Documentary History of American Water-works

Introduction Historical Background Chronology Geography Biography Technology Ownership and Financing General Bibliography
North Central States
Indiana Brookville

Brookville, Indiana

Brookville was platted in 1808.

The first waterworks were built by the town in 1820 using wooden pipes, but the system was poorly constructed and was abandoned in 1824.

The Town of Brookville voted in 1890 to build waterworks that began operation July 14, 1892.

The waterworks are currently owned by the Town of Brookville.

1891 "Brookville," from Manual of American Water Works, Volume 3.

1892 Indianapolis News, August 15, 1892, Page 6
The Brookville water-works is providing a paying investment.  The plant is owned by Brookville.

1897 "Brookville," from Manual of American Water Works, Volume 4.

1915 Notice to contractors for water works pumping station equipment and chimney for Municipal Water Works of the town of Brookville, Indiana, Engineering and Contracting, 44(19): 38 (November 10, 1915)

1932 "Some Early History of Public Health in Indiana," by William F. King, M.D., Monthly Bulletin of the Indiana State Board of Health, 35:165-168 (November 1932)
Page 167: Brookville had a waterworks system in operation as early as 1820. The town was so situated that the digging of a well was practically an impossibility; therefore, the source of supply for domestic purposes was entirely from springs. Fortunately this early settlement was favored with several springs along the west fork of Whitewater, one of these being of unusual magnitude. Carrying and hauling water soon became tiresome to the people, and one of their number devised ways and means for a public supply delivered to their doors. Nature provided the gravity force back of the water, and pipes were constructed of green sycamore saplings of three-inch bore, prepared by William Adams, a practical pumpmaker, for which work he was paid by the foot. The plant was constructed under the supervision of Messrs. McCarty and Allen, who represented the town. They paid Amos Butler, on whose ground this spring was located, $500 for the water and also right of way. This seems rather a small sum in this day, yet at the time of purchase-one hundred years ago-it was looked upon as a very large sum indeed. The sapling pipes were laid underground, and a reservoir eight feet in depth was constructed of oak planks. Only one family could boast of having water piped into their home, the balance of the consumers depending on a connection or arrangement of some kind outside of their houses. The story goes that those who lived under the hill and had private wells considered the users of this public supply as aristocrats, and occasionally a stray cat or dog, somewhat the worse for wear, was deposited in  the reservoir to portray their feelings. The pipes, as stated, were made of green sycamore and were allowed to lie in the sun for some time previous to their installation, which caused them to split a short time after being in service. Finally the strong gravity pressure burst the pipes and the plant ceased operation in the early part of 1824. Astonishing to relate, Brookville did not construct a second plant for public supply until 1890, or sixty-six years later.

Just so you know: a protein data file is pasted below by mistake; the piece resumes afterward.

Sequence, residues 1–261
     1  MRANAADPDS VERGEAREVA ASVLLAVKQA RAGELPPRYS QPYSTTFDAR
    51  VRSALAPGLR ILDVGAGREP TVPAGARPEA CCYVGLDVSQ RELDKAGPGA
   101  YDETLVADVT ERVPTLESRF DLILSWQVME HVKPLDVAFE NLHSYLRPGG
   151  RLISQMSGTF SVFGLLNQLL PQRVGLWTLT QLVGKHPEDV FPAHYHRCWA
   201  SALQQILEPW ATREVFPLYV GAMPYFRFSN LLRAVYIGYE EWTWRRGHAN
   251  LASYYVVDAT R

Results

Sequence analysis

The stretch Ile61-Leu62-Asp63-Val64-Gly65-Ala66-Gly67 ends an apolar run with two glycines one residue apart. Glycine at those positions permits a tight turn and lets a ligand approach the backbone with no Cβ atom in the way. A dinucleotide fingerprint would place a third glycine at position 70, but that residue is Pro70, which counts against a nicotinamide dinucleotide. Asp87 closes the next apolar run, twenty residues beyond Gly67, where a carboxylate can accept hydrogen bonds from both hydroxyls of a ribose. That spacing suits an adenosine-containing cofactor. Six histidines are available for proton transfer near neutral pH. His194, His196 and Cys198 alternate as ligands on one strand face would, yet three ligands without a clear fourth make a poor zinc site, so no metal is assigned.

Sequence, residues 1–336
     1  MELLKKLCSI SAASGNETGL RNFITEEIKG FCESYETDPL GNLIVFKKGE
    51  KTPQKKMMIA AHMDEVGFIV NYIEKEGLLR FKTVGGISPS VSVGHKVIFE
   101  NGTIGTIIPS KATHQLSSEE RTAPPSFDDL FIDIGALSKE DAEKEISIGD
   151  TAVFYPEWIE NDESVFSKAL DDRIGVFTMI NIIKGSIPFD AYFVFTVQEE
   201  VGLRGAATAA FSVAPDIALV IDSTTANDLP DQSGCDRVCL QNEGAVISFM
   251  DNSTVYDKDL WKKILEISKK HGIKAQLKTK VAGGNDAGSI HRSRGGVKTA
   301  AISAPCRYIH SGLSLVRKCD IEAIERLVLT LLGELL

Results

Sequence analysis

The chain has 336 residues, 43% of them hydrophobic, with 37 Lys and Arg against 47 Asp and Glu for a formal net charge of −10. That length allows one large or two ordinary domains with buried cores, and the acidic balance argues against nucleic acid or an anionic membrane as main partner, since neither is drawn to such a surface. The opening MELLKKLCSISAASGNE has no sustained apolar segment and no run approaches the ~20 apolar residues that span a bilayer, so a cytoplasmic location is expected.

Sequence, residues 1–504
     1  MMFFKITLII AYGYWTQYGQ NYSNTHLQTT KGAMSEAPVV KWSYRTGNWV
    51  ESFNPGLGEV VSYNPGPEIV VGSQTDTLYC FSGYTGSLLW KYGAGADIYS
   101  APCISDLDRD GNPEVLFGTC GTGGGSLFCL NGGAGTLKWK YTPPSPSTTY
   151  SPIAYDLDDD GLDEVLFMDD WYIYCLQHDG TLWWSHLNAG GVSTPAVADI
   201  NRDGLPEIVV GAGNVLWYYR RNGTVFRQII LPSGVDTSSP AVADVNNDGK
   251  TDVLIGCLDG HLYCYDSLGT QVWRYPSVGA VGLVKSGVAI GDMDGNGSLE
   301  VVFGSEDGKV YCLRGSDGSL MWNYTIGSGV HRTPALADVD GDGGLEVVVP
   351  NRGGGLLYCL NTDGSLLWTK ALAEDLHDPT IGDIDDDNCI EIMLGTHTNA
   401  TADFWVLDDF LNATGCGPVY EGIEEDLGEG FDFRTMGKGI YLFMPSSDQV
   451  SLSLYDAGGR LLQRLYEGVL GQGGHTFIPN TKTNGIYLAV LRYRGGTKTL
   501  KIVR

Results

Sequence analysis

1946 The Hoosier health officer; a biography of Dr. John N. Hurty and the history of the Indiana State Board of Health to 1925, by Thurman B. Rice
Page 153:  Basically repeats the text from the 1932 article quoted above.

2008 Brookville, by Craig T. Chappelow and Donald L. Dunaway
Page 38:  Short description of the 1892 waterworks including pictures.

2015 Morris A. Pierce